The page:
Published online by Cambridge University Press: 27 July 2019
In 2010, Ngũgĩ wa Thiong'o authorized me to document his life and work in form of a documentary film. Looking at his life and his intellectual biography provides a window into an understanding of the major debates on African languages and literatures, the role of writers and intellectuals in political, social, and cultural transformation, on colonialism and decolonization, on the pain and melancholy of exile, diasporic privileges and displacements, and on the memory of the colonized. It is instructive that Ngũgĩ turned 80 when his country, Kenya, was celebrating 55 years of political independence. The coincidence is insightful because Ngũgĩ's biography and intellectual career are emblematic of Kenya's complex process of becoming a nation, its political and cultural challenges, as well as its intellectual history. His biography provides revealing insights about the deployment of memory, and the role of memory in the evolution of the African nation states, allowing us to evaluate the relationship between the state and the African memory project. If the process of becoming of most African nation states continues to been defined by an unofficial program of forgetting, Ngũgĩ's biography invites the public to resist the urge to forget—rather to re-member.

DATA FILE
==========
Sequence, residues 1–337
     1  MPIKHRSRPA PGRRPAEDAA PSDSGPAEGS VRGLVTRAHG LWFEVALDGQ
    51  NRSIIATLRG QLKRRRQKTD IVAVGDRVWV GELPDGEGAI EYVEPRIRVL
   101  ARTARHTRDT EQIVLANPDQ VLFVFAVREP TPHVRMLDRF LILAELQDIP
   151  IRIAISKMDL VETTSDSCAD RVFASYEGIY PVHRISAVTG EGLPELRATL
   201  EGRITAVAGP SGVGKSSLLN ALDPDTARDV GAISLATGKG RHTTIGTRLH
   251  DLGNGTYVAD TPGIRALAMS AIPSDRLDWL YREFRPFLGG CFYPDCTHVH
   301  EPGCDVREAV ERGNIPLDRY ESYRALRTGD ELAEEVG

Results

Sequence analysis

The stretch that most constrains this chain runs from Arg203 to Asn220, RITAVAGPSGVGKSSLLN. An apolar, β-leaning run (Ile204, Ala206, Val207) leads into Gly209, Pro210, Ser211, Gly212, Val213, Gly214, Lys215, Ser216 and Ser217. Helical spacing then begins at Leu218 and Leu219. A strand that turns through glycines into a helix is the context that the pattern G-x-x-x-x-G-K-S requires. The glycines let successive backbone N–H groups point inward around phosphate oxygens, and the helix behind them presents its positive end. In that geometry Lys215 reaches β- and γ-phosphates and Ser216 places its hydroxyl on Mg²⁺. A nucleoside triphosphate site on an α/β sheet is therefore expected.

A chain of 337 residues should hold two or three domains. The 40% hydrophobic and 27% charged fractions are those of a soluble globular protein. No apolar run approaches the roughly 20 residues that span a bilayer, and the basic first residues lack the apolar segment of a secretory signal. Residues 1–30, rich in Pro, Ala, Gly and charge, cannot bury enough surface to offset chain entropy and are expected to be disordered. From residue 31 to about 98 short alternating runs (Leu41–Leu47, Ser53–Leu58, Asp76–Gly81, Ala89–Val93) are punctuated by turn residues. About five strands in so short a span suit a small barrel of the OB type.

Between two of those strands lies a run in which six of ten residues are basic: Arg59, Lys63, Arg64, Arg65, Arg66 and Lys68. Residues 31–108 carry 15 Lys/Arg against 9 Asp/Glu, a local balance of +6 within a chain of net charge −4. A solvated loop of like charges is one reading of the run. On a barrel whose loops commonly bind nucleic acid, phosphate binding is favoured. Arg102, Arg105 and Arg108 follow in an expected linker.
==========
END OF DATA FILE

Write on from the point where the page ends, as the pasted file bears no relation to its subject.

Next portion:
This documentary project is motivated by a belief that the preservation of memories and experiences through visual and audio technology has a number of advantages over written materials: it enables representation and subsequent preservation of raw voices. While the objective is to produce a feature film documentary on Ngũgĩ, all the footage captured during the production process will be thematically archived in an open access repository. For more than half a century, he has been an eloquent voice championing human rights and a leader in global cultural criticism and political activism. Because of his longevity, Ngũgĩ's life and writings connect readers to an East African history that they only read in history books. In the following discussion, I organize my reflection on Ngũgĩ's life and his works around four distinct stages.
Phase I—Growing Up (1938–1959)
Born on January 5, 1938, Ngũgĩ grew up during the most violent period in Kenya's history, and came of age at the end of British occupation in East Africa.
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